The Deja Vu Experiment: A Journey to the Outer Limits of the Mind
J. G. Renato
Veritas Shield (2014)
Reviewed by Richard R. Blake for Reader Views (03/14)
Article first published as Book Review: ‘The Deja Vu Experiment’ by J. G. Renato on Blogcritics.
In “The Deja Vu Experiment” author J. G. Renato brilliantly blends Greek Mythology, contemporary physics, science, and fiction through the eyes of interpretive literature, with parallels of Einstein’s pursuit within physics, and Monet’s and Seurat’s in the world of art. He draws heavily from the writings of Lewis Carroll’s “Alice in Wonderland,” and from the characters John Galt and Diana from Ayn Rand’s “Atlas Shrugged” to draw the reader into this fictional yet inspirational title. Ultimately, the purpose of this book is for readers to gain insight of our purpose and our realities from the author’s perspective, taking a deeper look into the possibilities of different components that make us spiritual humans.
Events are discussed through a spectrum created by art, theology, and science. Renato proposes that we have to ask the question “What are we?” in order to understand who we are, to understand what we become, and to see what is beyond. He challenges the reader to consider those gaps in time when we suddenly find ourselves waking up from an awareness of having checked out of reality into a state of being on “auto-pilot,” a kind of veiled reality versus accepted reality. I thought of these gaps as a daytime equivalent to the drowsiness of sleep which moves the conscious mind into that nebulous world of dreams – which my wife describes as “the land with the feather ball.” I was particularly interested in his discussion “freewill” and the “deterministic universe” in light of both religion and science.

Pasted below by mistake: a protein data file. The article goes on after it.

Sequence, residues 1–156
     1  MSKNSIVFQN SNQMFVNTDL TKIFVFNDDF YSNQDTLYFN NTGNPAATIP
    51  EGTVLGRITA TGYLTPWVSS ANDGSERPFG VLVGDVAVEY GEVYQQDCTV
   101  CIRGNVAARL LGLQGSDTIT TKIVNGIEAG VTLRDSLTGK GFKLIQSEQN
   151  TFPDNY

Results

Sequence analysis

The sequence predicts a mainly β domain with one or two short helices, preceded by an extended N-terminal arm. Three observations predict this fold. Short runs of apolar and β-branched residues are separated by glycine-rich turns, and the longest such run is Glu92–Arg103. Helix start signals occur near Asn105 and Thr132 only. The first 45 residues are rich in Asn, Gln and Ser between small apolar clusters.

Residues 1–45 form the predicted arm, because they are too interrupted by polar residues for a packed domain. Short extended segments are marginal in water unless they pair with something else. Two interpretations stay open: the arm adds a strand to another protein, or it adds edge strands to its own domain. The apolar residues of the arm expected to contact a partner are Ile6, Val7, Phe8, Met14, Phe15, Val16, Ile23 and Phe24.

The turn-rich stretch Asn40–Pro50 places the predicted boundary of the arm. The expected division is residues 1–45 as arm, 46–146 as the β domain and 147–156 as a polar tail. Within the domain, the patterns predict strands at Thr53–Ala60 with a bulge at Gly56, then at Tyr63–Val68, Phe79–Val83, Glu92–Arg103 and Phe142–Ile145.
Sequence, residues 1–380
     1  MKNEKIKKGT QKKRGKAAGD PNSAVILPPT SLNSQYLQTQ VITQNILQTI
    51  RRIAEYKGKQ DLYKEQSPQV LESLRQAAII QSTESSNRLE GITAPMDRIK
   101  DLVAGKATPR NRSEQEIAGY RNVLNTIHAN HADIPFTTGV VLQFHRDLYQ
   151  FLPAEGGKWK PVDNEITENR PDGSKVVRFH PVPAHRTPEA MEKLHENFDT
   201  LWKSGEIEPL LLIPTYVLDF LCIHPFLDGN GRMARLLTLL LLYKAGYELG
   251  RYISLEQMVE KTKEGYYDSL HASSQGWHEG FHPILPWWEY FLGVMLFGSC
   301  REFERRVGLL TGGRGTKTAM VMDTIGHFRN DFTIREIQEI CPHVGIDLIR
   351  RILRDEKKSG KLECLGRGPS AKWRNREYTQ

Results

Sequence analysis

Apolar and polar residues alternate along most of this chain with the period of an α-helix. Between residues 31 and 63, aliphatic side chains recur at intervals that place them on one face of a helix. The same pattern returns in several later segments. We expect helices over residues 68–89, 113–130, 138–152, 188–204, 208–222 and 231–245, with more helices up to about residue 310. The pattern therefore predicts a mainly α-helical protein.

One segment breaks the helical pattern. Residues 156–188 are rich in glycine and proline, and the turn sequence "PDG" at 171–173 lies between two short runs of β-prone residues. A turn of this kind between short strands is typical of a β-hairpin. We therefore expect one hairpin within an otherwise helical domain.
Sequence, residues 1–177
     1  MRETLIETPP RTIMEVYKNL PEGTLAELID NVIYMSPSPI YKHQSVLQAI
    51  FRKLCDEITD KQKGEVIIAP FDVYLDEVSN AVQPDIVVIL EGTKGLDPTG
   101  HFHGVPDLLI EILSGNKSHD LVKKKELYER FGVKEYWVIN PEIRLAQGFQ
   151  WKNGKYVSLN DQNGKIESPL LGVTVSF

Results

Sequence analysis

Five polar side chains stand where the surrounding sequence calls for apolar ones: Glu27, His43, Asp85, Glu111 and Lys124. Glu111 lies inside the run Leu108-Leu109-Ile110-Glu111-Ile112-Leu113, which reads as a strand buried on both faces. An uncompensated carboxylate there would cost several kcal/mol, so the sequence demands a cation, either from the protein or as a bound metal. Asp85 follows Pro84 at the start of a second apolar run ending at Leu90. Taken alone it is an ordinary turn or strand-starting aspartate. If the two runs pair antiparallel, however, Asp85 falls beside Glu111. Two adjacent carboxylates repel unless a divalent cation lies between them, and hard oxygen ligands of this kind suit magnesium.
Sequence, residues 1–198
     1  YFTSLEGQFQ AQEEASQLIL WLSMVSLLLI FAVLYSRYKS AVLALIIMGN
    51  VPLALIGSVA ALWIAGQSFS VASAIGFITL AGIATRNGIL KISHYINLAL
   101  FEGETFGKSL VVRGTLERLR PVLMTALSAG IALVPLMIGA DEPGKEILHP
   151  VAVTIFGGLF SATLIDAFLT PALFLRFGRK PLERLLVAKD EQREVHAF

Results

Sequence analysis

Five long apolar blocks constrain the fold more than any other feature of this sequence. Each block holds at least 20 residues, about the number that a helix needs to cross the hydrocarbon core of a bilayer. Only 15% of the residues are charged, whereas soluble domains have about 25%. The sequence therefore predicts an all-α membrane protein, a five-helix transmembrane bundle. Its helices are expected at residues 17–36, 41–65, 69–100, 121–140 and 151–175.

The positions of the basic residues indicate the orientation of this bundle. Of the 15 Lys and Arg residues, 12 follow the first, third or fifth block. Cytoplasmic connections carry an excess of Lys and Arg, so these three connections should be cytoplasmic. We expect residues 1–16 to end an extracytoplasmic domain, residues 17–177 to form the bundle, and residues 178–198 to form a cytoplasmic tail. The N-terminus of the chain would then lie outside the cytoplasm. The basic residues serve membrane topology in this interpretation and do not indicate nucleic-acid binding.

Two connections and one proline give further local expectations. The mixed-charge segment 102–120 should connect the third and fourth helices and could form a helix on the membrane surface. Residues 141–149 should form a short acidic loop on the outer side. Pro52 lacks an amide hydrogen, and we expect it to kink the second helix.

I highly recommend “The Deja Vu Experiment” by J.G. Renato. Whether as a reader you are a natural technician, a producer, physicist, philosopher, or cleric; Renato’s writing necessitates an intellectual honesty, personal integrity, reflection, introspection, and an intuitive curiosity about the world. He uses metaphors, anomalies, and illusions, as well as commentary of philosophy, metaphysics, and ethics. He is passionate about his logic and his conclusions.